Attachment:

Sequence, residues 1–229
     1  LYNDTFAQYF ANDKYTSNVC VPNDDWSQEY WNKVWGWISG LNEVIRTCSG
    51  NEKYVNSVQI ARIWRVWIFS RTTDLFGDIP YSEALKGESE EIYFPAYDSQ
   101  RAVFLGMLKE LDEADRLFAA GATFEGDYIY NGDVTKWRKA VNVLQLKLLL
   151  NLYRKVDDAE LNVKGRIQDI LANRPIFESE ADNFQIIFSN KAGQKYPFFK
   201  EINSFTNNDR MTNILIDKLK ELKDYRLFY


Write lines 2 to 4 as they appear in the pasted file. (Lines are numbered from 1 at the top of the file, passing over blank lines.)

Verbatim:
     1  LYNDTFAQYF ANDKYTSNVC VPNDDWSQEY WNKVWGWISG LNEVIRTCSG
    51  NEKYVNSVQI ARIWRVWIFS RTTDLFGDIP YSEALKGESE EIYFPAYDSQ
   101  RAVFLGMLKE LDEADRLFAA GATFEGDYIY NGDVTKWRKA VNVLQLKLLL